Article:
John C. Goodman

The health reform law is trying to force $15 an hour workers and their employers to buy more than a million dollars of coverage when they don't have anything like a million dollars in assets to protect. Further, some of these families are being forced to give up "mini-med" plans that paid the first $2,000 or $3,000 of medical bills and enroll in plans with deductibles of $10,000 or more. Why do we need to force a family at this income level need to pay the first $10,000 of medical costs? We don't.

I can think of only two reasons why health insurance is valuable:

1. To protect assets, including the benefits of future wage income.

2. To avoid free ridership.

The public interest is obvious only in the second case.

Suppose other people have insurance but you do not. Instead of paying premiums to an insurer you consume all of your income and live paycheck to paycheck. Then a medical emergency occurs and you end up requiring care you cannot pay for. Result: everyone else in the community ends up paying for your care. Because other people are paying their own way (by insuring), they must consume less each year. Because you are relying on their charity, you get to consume more. That is the problem of free ridership.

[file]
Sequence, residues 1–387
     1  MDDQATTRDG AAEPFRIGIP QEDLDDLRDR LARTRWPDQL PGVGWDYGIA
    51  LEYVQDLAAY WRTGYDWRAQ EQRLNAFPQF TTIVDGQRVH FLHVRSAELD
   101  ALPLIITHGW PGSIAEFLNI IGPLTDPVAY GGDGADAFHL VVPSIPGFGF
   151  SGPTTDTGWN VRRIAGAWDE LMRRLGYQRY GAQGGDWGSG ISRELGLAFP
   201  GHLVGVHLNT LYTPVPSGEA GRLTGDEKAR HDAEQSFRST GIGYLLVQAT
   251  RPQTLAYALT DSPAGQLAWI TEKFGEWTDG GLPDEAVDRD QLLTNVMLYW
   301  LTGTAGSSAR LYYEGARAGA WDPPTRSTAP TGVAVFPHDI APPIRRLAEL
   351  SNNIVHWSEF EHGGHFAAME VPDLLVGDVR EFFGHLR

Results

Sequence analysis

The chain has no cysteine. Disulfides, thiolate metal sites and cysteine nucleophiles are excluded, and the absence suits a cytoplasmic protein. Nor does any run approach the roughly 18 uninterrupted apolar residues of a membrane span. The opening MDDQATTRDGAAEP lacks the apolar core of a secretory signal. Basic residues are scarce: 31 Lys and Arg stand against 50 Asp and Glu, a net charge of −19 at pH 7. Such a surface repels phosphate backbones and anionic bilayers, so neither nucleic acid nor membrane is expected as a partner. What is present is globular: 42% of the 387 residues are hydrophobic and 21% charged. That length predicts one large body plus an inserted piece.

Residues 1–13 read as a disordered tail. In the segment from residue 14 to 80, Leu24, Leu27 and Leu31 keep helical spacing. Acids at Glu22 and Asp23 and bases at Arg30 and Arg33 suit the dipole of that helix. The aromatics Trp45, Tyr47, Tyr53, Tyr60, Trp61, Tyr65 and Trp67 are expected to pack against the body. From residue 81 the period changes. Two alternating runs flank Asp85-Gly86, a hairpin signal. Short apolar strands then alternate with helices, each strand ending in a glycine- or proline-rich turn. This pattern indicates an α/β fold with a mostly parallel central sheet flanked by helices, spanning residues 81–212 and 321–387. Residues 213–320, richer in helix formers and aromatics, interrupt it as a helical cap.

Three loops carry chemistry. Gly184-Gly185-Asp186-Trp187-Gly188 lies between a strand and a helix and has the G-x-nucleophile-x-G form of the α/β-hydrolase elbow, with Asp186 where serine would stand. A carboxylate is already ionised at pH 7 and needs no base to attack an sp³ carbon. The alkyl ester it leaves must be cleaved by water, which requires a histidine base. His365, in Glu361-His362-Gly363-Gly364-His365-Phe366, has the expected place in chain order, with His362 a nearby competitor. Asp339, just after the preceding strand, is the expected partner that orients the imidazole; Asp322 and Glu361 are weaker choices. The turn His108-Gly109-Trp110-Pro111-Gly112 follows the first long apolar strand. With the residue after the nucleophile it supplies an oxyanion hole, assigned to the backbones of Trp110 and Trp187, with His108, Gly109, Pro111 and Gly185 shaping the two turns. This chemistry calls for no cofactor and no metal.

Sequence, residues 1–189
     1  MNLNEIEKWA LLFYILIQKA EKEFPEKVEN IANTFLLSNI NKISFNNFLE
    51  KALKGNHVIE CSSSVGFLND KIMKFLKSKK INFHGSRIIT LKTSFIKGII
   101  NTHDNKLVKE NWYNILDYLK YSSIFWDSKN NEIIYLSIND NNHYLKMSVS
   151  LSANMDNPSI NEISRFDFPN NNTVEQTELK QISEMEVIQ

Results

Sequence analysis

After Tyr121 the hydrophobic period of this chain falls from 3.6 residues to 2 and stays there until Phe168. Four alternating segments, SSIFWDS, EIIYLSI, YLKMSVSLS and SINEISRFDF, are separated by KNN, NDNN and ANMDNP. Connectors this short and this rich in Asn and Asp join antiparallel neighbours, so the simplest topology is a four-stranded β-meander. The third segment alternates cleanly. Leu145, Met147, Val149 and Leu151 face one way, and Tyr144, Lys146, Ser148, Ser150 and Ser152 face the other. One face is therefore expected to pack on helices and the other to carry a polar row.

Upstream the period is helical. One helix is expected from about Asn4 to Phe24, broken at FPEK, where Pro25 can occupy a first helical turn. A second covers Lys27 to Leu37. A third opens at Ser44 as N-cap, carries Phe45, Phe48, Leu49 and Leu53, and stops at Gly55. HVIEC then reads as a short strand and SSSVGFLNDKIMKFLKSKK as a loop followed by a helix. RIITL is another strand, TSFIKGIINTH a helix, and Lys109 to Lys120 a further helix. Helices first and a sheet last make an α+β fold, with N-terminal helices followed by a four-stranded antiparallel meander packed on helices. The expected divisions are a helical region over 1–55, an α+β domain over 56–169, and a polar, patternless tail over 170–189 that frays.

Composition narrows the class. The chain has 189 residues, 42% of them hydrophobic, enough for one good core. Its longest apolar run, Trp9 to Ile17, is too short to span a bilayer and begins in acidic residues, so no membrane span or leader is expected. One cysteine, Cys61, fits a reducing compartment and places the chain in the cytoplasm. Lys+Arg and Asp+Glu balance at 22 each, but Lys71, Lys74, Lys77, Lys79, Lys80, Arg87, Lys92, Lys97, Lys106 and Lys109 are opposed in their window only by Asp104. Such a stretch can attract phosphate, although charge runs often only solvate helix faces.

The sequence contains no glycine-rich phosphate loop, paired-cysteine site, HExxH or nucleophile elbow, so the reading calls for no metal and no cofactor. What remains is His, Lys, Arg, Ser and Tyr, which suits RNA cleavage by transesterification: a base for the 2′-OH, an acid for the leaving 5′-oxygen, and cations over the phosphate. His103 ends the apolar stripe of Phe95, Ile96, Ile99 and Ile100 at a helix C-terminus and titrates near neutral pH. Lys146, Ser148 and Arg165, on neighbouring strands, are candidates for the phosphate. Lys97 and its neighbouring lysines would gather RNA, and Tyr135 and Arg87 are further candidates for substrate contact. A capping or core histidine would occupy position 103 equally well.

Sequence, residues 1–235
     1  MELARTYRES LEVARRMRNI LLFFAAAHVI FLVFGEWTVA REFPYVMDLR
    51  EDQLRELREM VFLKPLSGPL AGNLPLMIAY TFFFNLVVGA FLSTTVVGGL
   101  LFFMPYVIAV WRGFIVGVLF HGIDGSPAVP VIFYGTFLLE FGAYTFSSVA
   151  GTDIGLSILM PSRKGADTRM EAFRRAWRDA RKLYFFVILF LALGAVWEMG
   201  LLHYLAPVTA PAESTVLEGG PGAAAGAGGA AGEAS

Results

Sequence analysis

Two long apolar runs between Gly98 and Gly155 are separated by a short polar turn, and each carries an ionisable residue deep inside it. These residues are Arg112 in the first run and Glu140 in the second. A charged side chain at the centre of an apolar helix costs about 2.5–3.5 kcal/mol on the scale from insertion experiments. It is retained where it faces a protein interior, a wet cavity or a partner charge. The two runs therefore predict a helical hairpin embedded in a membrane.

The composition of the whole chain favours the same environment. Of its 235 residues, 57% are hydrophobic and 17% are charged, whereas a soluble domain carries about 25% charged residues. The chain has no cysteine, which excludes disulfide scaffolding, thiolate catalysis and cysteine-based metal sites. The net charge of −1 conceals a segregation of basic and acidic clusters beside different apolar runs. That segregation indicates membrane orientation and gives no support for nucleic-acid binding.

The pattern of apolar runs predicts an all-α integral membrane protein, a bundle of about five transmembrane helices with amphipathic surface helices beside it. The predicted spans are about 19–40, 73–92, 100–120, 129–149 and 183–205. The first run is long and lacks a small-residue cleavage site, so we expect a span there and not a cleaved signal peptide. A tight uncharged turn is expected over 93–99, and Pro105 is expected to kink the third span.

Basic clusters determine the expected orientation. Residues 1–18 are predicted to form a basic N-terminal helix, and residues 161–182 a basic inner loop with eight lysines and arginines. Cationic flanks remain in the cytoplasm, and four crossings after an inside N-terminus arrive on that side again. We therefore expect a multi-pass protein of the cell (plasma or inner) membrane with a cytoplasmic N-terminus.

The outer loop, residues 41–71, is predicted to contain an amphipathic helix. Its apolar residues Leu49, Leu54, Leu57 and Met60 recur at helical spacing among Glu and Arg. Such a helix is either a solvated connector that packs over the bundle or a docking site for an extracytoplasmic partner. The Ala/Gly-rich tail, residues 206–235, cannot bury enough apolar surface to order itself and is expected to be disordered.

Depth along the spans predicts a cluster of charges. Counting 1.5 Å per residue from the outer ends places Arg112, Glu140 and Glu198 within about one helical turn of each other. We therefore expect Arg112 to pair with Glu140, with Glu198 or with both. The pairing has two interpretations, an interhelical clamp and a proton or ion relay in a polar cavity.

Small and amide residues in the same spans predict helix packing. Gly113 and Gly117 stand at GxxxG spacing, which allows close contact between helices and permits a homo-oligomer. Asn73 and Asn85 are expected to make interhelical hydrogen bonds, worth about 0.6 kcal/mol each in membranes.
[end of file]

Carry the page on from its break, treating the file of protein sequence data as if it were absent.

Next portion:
What is the least intrusive solution to this problem? The cost of unpaid medical bills in this country is estimated to be about $57 billion. That works out to a little more than $1,000 for every uninsured person. So if we are worried that the uninsured will be willful free riders, the appropriate mandate is a requirement that we all purchase $1,000 worth of insurance every year or pay a fine of $1,000.

People whose income is small enough to qualify for Medicaid or the CHIP program are going to get free care anyway. Years ago, Gene Steuerle and I advocated making the child tax credit claimed by middle- and upper-middle income families conditional on proof of insurance for each child, however. For adults, we could make $1,000 of the standard deduction conditional on proof of insurance. But there is no reason to require more than this.

What about obtaining insurance to protect assets. Is this a purely private matter, or does society as a whole have some interest in it?

John C. Goodman

John C. Goodman is President of the Goodman Institute and Senior Fellow at The Independent Institute. His books include the widely acclaimed A Better Choice: Healthcare Solutions for America and the award-winning Priceless: Curing the Healthcare Crisis. The Wall Street Journal and National Journal, among other media, have called him the "Father of Health Savings Accounts.”